September is time for school buses, school supplies, new school shoes and school lunch.
To pack an appealing, healthy and safe school lunch for your kids takes a little planning. After a summer of ice cream, here are some ideas to get you back-to-school and back on track for healthy kids who are ready to learn:
- An insulated bag is ideal and juice boxes or even milk boxes can be frozen to do double duty as cold packs inside it.
- Freeze individual yogurt, fruit or applesauce packs too, which will also defrost in time for the cafeteria.
- Freeze sandwiches as well but pack the lettuce leaves and sliced tomatoes separately. You should avoid mayonnaise-based fillings, such as tuna, egg or chicken salad. Cold cuts aren’t the best choice either now, at least until the weather cools off.
- Stick to nut (Check school allergy policies) or fruit butters, bean or cheese-based spreads or other fillings, with oil-based dressings, packed in a small thermos. You can then pack a roll for a do-it-yourself sandwich instead.
- A small thermos is also handy to hold a portion of cole slaw (but not dressed with mayo), grain salads or fruit salad. To send off a hot lunch, prep the thermos with a rinse of hot water and pack it with mac ‘n’ cheese or pasta and red sauce. Even soup, leftovers or rice and beans travel well this way. Don’t forget a fork or spoon and a reminder to bring it home daily.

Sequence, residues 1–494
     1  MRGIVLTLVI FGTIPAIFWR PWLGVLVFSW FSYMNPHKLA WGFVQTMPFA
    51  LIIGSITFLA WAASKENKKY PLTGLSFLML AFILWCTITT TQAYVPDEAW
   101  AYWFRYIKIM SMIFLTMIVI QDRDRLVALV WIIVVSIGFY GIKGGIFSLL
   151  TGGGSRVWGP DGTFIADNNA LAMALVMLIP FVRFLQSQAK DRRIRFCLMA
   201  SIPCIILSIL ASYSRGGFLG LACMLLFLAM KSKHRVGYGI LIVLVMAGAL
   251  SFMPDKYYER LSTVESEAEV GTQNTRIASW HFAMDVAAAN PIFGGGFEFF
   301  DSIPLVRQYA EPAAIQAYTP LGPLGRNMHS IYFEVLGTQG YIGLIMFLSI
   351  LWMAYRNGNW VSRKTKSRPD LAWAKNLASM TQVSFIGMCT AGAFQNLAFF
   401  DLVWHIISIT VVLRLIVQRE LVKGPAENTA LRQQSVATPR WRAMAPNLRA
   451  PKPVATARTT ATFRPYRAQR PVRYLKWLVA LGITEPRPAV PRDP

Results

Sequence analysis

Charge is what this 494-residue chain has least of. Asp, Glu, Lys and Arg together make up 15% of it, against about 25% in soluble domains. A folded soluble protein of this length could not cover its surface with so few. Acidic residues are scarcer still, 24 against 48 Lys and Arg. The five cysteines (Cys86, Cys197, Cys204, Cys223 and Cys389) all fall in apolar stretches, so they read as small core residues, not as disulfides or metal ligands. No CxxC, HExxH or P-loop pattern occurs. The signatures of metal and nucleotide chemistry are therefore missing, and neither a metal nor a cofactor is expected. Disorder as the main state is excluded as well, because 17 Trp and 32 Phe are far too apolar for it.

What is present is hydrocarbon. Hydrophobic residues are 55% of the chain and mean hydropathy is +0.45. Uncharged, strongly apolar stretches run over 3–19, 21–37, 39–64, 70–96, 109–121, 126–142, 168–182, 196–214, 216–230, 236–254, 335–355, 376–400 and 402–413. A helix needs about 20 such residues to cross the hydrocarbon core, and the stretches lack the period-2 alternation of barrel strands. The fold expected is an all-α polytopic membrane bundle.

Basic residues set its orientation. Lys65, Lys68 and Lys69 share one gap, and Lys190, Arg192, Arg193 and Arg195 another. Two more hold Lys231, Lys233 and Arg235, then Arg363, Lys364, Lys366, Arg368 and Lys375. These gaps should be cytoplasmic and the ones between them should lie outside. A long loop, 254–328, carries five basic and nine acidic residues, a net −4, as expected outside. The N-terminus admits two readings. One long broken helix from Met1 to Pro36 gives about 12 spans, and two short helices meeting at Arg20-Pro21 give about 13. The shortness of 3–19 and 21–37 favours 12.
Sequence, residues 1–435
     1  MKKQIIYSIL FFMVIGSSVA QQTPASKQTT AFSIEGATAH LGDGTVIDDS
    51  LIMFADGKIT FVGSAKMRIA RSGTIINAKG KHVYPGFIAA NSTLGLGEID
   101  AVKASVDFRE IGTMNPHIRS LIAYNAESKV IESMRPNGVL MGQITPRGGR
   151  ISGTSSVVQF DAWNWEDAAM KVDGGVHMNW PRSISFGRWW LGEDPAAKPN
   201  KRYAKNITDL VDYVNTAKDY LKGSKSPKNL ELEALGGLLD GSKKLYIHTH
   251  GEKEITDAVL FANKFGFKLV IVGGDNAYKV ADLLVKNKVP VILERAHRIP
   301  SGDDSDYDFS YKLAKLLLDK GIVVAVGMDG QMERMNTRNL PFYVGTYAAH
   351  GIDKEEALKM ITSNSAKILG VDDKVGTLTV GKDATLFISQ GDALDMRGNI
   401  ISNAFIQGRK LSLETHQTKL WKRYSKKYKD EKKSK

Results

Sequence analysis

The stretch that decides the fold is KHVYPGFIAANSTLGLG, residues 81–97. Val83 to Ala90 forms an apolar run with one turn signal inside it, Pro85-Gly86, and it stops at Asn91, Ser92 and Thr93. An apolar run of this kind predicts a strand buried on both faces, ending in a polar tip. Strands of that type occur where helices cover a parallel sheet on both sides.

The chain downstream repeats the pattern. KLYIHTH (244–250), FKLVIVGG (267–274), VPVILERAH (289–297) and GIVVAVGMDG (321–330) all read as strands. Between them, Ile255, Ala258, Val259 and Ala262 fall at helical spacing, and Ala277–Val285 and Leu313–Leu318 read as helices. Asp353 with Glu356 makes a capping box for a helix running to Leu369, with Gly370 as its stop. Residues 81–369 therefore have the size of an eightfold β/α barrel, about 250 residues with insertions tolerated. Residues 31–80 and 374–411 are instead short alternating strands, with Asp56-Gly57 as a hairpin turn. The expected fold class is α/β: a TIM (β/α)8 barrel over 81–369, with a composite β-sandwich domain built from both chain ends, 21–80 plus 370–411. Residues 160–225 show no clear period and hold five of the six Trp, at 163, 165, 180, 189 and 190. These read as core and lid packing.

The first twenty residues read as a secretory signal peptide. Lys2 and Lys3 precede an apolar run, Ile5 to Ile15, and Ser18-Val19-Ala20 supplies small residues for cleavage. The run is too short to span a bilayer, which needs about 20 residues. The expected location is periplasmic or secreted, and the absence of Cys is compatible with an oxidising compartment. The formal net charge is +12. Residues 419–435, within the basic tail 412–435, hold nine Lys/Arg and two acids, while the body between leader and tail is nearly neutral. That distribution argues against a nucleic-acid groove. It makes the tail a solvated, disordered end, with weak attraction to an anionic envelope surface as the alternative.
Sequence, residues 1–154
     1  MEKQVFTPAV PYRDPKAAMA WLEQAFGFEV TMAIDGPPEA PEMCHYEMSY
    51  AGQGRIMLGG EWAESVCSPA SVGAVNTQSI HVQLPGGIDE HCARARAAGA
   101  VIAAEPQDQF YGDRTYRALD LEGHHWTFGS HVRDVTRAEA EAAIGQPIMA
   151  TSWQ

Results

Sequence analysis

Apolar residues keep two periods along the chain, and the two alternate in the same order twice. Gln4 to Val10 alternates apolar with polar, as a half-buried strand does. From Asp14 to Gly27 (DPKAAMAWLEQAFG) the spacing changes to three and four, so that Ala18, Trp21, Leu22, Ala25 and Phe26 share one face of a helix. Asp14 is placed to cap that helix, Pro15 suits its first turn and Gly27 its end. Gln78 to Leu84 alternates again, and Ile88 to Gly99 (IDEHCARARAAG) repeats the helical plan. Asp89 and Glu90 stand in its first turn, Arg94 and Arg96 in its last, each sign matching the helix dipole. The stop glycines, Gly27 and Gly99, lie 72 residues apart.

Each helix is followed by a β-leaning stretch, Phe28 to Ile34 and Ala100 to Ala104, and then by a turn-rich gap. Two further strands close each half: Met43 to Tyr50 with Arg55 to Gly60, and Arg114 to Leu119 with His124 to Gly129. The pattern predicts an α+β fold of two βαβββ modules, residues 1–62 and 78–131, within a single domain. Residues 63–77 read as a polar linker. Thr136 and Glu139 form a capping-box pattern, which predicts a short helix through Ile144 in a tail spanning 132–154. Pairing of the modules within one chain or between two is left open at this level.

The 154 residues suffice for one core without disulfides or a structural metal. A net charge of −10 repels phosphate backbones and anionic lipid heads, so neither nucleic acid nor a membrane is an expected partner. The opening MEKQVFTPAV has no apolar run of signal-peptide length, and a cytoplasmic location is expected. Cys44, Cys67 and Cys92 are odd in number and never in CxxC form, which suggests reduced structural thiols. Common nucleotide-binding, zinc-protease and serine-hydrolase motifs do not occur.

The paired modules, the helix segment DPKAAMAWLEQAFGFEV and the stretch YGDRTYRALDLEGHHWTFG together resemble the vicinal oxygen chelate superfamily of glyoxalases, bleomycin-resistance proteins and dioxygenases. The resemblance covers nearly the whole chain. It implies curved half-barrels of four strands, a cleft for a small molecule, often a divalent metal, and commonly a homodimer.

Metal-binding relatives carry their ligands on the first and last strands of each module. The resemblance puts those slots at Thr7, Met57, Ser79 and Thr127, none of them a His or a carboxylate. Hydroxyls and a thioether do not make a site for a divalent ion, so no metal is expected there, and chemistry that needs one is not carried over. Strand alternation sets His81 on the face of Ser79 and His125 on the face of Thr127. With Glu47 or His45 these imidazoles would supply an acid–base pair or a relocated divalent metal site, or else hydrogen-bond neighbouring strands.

- Most kids enjoy durable mini-cheeses or cheese sticks for school lunch. Bread sticks and spreadable cheese, humuus or nut butters are fun, sturdy and good-for-you packables as well. You can accompany those items with baggies or re-useable tubs of baby carrots, celery sticks, cucumber slices, sugar snap peas, melon cubes, cherries, blueberries or seedless grapes.
- Choose harder fresh fruits for the lunch bag, such as apples or small oranges, that can survive a sling into a locker.
- If you want to pack goodies or extras, freeze brownies or muffins that will thaw in time or tuck in small, plain cookies, such as ginger snaps or graham crackers, which won’t smear and aren’t too sugar-y. A bag of home-popped, plain popcorn or a few healthy crackers are better choices than packaged chips.
Don’t forget at least one napkin or a foil-packed towelette. It may be a bit of extra laundry, but with a focus on sustainability in local schools, packing a cloth napkin sets a nice example for children about reducing waste.
Remind your child to wash up if possible or use hand sanitizer before digging into his lunch.